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Abstract Details

Use of Subcutaneous Immunoglobulin in Stiff Person Syndrome
Autoimmune Neurology
P6 - Poster Session 6 (12:00 PM-1:00 PM)
15-003
SPS is a rare immune-mediated neurologic disorder. Multiple treatments are used for the treatment of SPS, although, to date, intravenous immunoglobulin (IVIG) remains the primary immunomodulating therapy in those who have inadequate responses to symptomatic therapies. However, in some patients, IVIG might not be tolerable or logistically difficult to administer. SCIg has emerged as an alternative to IVIG in certain disorders but to our knowledge, the use of SCIg has not been reported in SPS.
To describe our experience with subcutaneous immunoglobulin (SCIg) treatment in patients with stiff person syndrome (SPS).
This is a descriptive case series of patients with SPS who were treated with SCIg at Johns Hopkins. Review of medical records was from 1997 to 2019. Patients were included if they fulfilled clinical criteria for SPS and were exposed to SCIg. Patients were excluded if their symptoms were explained by another neurological disorder.
We identified five SPS patients that were treated with SCIg. Three patients tested positive for serum anti-GAD65 antibodies prior to any treatment. Mean age at SCIg initiation was 33 years (range:22-47). Mean duration of SPS prior to SCIg initiation was 5.9 years (range:2.5-7). All patients used IVIG for at least 2 months (up to 18 months) but switched to SCIg due to IVIG side effects. Duration of SCIg use ranged from 4 months to 6 years (mean,19.2 months). SCIg dose ranged from 0.4g-1g/kg/month. SCIg lead to sustained symptom improvement or stabilization in four patients (80%). The remaining patients had transient improvement. One patient developed mild-moderate injection site reactions.

This case series highlights that SCIg is a reasonable and safe immune-treatment option for SPS patients especially in whom IVIG is not feasible. Injection site reactions might be a limiting factor in some patients and future studies are needed to assess long-term safety/efficacy.

Authors/Disclosures
Salman Aljarallah, MD
PRESENTER
Dr. Aljarallah has received personal compensation in the range of $0-$499 for serving on a Scientific Advisory or Data Safety Monitoring board for Novartis. Dr. Aljarallah has received personal compensation in the range of $0-$499 for serving on a Scientific Advisory or Data Safety Monitoring board for Biogen. Dr. Aljarallah has received personal compensation in the range of $0-$499 for serving on a Speakers Bureau for Sanofi Genzyme.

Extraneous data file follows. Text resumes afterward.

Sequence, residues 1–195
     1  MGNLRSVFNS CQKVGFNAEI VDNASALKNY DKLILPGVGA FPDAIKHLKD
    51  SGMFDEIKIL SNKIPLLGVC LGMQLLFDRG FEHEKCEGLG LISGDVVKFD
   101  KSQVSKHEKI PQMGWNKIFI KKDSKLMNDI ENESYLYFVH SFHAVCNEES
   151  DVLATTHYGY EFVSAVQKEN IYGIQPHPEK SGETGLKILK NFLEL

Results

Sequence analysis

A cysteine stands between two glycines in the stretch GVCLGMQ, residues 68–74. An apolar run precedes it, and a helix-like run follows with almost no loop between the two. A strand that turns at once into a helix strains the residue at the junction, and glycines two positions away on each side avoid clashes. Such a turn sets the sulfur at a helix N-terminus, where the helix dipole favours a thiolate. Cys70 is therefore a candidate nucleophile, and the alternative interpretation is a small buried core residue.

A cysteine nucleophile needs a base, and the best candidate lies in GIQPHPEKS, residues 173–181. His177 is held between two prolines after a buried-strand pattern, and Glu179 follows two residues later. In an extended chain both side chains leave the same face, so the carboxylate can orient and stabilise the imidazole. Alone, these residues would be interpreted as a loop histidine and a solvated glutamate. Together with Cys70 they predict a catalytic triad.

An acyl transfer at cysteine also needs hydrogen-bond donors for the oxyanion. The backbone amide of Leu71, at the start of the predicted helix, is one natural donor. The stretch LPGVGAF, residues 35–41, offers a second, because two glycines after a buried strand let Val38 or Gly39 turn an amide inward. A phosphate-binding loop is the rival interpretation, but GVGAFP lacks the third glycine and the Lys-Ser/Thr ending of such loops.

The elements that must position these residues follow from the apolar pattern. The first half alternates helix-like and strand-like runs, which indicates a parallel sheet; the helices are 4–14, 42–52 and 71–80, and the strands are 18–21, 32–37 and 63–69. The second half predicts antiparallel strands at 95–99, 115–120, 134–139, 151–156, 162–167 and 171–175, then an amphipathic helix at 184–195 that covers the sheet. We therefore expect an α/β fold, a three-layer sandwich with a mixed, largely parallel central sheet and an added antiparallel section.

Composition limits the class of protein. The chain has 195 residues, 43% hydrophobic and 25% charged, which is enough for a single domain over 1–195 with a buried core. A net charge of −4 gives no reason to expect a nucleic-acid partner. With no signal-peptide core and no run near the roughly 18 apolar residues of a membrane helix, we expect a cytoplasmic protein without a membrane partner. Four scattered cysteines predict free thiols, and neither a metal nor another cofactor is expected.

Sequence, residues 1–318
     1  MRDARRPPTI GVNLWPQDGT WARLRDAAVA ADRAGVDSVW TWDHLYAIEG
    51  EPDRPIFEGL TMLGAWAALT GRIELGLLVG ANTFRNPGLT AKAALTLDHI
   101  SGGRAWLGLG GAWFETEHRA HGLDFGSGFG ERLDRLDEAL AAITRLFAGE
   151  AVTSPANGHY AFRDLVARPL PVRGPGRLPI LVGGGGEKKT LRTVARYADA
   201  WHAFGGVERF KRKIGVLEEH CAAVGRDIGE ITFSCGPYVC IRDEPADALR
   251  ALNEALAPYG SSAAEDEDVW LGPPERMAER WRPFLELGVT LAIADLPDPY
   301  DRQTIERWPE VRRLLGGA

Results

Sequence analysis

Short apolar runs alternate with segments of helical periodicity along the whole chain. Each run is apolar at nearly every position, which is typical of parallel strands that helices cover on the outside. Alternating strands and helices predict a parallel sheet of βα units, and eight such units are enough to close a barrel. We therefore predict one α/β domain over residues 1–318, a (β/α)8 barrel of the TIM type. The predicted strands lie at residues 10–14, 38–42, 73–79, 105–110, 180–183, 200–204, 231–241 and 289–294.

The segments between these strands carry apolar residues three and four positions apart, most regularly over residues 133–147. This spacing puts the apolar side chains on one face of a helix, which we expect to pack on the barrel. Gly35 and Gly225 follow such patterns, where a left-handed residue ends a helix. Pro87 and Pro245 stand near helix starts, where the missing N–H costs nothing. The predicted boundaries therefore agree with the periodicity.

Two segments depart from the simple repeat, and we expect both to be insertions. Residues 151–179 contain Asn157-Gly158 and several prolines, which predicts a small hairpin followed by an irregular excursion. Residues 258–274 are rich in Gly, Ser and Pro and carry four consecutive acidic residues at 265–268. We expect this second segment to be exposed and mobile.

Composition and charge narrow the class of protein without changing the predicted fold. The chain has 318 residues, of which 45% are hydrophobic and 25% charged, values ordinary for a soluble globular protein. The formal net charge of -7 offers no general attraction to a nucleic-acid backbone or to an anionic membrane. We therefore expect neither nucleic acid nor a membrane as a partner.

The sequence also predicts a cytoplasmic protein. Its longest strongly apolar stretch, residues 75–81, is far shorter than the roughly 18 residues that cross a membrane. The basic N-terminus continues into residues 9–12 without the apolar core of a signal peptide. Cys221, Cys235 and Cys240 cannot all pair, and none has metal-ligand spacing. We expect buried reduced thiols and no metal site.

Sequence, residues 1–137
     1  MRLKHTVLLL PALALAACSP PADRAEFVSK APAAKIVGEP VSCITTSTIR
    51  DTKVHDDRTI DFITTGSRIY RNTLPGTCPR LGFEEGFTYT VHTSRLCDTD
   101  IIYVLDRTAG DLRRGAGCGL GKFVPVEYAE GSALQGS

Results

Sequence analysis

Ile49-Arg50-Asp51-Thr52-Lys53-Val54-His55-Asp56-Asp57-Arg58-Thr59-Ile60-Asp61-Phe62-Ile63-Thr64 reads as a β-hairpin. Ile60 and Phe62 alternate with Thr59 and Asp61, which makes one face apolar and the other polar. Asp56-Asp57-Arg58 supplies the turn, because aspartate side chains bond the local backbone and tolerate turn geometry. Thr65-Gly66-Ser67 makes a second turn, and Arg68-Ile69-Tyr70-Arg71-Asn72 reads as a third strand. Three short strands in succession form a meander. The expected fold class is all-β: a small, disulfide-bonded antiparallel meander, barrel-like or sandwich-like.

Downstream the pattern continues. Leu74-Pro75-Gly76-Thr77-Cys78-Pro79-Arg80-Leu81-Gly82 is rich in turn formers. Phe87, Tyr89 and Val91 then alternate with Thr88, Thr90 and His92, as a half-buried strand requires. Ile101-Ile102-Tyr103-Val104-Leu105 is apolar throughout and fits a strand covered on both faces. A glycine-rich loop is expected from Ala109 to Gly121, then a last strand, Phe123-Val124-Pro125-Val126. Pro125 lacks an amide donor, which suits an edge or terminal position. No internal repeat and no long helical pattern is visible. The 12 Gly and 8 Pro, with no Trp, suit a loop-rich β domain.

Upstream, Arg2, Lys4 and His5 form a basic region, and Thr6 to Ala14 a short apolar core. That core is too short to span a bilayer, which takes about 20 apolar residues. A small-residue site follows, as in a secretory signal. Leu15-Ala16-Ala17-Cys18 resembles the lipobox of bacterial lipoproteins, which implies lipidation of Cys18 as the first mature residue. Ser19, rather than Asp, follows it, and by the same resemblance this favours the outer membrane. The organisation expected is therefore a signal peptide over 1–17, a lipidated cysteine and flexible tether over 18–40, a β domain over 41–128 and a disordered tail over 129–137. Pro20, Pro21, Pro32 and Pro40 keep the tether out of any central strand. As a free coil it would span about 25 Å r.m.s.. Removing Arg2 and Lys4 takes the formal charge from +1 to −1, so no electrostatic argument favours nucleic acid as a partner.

Scott Douglas Newsome, DO, FAAN (Johns Hopkins Hospital) Dr. Newsome has received personal compensation in the range of $500-$4,999 for serving on a Scientific Advisory or Data Safety Monitoring board for Biogen. Dr. Newsome has received personal compensation in the range of $10,000-$49,999 for serving on a Scientific Advisory or Data Safety Monitoring board for Genentech. Dr. Newsome has received personal compensation in the range of $500-$4,999 for serving on a Scientific Advisory or Data Safety Monitoring board for Novartis. Dr. Newsome has received personal compensation in the range of $500-$4,999 for serving on a Scientific Advisory or Data Safety Monitoring board for EMD Serono. Dr. Newsome has received personal compensation in the range of $500-$4,999 for serving on a Scientific Advisory or Data Safety Monitoring board for Greenwich Biosciences. Dr. Newsome has received personal compensation in the range of $500-$4,999 for serving on a Scientific Advisory or Data Safety Monitoring board for Bristol Myers Squibb. Dr. Newsome has received personal compensation in the range of $500-$4,999 for serving on a Scientific Advisory or Data Safety Monitoring board for Horizon Therapeutics. Dr. Newsome has received personal compensation in the range of $500-$4,999 for serving on a Scientific Advisory or Data Safety Monitoring board for TG Therapeutics. The institution of Dr. Newsome has received research support from Biogen. The institution of Dr. Newsome has received research support from Genentech/Roche. The institution of Dr. Newsome has received research support from Department of Defense. The institution of Dr. Newsome has received research support from Patient Centered Outcomes Research Institute. The institution of Dr. Newsome has received research support from National MS Society. The institution of Dr. Newsome has received research support from The Stiff Person Syndrome Research Foundation. The institution of Dr. Newsome has received research support from Lundbeck. Dr. Newsome has received personal compensation in the range of $10,000-$49,999 for serving as a Lead PI for Clinical Trial with Roche.